What You Need To Know If You’ve Just Been Diagnosed With Cancer

Don't be afraid to take control of your medical care — here's how to do it.

I grew up in an era when people never questioned their doctors. However, in today’s world, having a voice in your medical care can make all the difference. This is especially true in the treatment of breast cancer, which is a heterogeneous disease. What that means is every woman’s breast cancer is completely different, so there’s no one-size-fits-all approach to treatment. Information is power, so you need to be your own best health advocate..

Never Question The Doctor…Or Can We?

If you’re a boomer like me, then you, too, remember a time when doctors were never questioned. Who’s with me here? If you were sick, you went to the doctor and he or she told you what to do…and you did it! You didn’t ask anyone else; you didn’t make suggestions of what you thought your doctor should prescribe. The doctor was...the doctor!

That’s why, when I was first diagnosed with triple-negative breast cancer and my 31-year-old daughter started talking about a second opinion, I have to admit…it felt strange. I felt like I was doing something wrong by going to another doctor. Was that saying that I didn’t trust my first (very smart!) doctor? Wasn’t I going to offend someone? But my family assured me that it’s common to get a second opinion, and they all wanted to hear another point of view. So, after going to see another wonderful doctor in the field, we felt armed with enough information to decide on a course of treatment that would be right for me.

My Life, My Cancer, My Treatment Plan

What I also realized during this time was how important MY unique story was. The doctors know the disease and the treatment options, but your contribution is also important because you know yourself best. You know how you are feeling, what your sleep, nutrition and fitness habits really are; only YOU know how you live your life during all the moments that take place outside of the doctor’s office. These factors are all important when deciding what your treatment plan will look like. You have an important seat at that discussion table.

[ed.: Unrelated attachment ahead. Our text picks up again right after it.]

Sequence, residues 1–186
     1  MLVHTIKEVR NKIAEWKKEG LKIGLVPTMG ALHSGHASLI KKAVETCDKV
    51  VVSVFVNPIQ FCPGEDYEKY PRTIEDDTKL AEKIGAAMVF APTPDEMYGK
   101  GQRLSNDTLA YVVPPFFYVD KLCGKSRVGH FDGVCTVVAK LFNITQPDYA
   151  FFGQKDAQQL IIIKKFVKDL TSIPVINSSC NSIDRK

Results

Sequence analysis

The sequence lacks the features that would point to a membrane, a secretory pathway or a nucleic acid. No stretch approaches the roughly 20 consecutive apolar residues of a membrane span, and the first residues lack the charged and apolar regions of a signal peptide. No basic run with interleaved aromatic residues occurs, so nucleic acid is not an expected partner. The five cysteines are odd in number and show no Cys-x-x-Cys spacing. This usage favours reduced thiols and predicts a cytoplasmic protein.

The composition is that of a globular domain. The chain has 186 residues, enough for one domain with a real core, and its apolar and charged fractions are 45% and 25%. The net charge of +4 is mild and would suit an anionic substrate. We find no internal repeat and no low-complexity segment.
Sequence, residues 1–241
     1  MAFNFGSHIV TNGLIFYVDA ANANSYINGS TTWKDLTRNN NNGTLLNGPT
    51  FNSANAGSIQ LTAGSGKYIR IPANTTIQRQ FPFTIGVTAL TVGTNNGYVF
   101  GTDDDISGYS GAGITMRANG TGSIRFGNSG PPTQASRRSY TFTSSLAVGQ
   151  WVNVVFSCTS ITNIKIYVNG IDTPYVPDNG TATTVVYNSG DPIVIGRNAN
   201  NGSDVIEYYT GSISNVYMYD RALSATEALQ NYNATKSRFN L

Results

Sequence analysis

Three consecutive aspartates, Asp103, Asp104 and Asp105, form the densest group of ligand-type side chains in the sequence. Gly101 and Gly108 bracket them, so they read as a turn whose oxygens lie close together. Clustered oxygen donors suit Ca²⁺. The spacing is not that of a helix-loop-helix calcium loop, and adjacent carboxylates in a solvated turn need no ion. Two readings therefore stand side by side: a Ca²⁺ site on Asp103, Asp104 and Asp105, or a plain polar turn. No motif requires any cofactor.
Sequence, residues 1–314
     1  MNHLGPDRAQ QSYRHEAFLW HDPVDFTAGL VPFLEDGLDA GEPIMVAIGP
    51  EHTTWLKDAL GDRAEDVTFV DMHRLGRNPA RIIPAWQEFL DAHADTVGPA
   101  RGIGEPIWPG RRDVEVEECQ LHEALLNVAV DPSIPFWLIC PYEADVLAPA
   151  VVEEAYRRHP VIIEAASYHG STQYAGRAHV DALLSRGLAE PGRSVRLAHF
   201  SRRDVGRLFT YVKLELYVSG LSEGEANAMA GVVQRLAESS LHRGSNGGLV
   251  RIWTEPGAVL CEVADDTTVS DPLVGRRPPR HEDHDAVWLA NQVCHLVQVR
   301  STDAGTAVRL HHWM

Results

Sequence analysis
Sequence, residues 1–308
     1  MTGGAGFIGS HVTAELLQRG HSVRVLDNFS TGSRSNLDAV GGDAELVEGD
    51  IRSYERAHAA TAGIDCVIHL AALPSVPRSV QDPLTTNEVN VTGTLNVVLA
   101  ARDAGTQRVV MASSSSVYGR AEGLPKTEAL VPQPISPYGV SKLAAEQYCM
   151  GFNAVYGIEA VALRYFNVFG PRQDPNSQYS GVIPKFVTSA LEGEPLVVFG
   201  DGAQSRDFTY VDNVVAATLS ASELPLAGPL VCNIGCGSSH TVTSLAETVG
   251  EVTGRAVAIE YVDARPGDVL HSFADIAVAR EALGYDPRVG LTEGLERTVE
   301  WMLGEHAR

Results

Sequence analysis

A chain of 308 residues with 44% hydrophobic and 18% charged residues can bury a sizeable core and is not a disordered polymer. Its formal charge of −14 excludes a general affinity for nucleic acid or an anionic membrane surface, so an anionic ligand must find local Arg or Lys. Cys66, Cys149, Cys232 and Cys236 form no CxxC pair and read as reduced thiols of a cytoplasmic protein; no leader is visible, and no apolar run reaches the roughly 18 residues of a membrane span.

Together, my doctors and I were able to construct a course of treatment that would be right for MY body, MY cancer and MY life. There is no one standard approach to medicine. It struck me that each of us can make a difference in the kind of health care we receive.

It’s OK To Ask Questions

And a lot of them! It’s common to feel like you only get those few minutes with your doctors and you need to “hurry up” so they can get to their next patient. But remember, you deserve their time during your appointments. Even if an appointment is only 15 minutes long, use every one of those minutes. I find that it’s best to come prepared. Keep a running list of anything that pops into your mind in between appointments and bring that list with you so you don’t forget anything. Also, remember that there are no dumb questions. If you don’t ask, you don’t know.

Oh, and one more thing…TAKE NOTES! Chemo brain is real.

Paging Dr. Google

And then… There’s the internet!

Who ever thought we would be sitting at home clicking a few buttons to learn about how to best manage our health? But, of course, that’s the first thing I did when I started chemo. I will say that my doctors strongly discouraged Googling because, as we all know, you can’t believe everything you read on the internet, and that can be dangerous. But if you seek out trusted sources, the web can be a wealth of information.

Stronger Together

At times you might feel like you’re going through this journey alone, but remember, there are others who have walked this walk and can be very valuable resources. I found that by seeking out the support and knowledge of other women who had been down the same path, I was able to gather some of the most helpful information. From this far-reaching community of breast cancer survivors, I learned about nutritional tips while undergoing chemotherapy, odd side effects and how to manage them (did you know that holding ice chips in your mouth while getting certain kinds of chemotherapy can help with mouth sores?!), as well as ways to stay focused, positive and maintain hope.

Once you’ve confronted cancer, I think it’s a pretty natural instinct to reach out your hand and help the next person along. Don’t be afraid to share your story — you never know who you might be helping along the way.

One thing I learned from going through cancer treatment is that you can customize your own experience. Ask questions, research trusted sources, listen to others who have gone through it and share your story. You can help yourself stay healthy, both in mind and body, by seeking support from those around you and by using your voice.

Hear more personal stories from Joan and other cancer survivors in the new video series, At Home With Joan.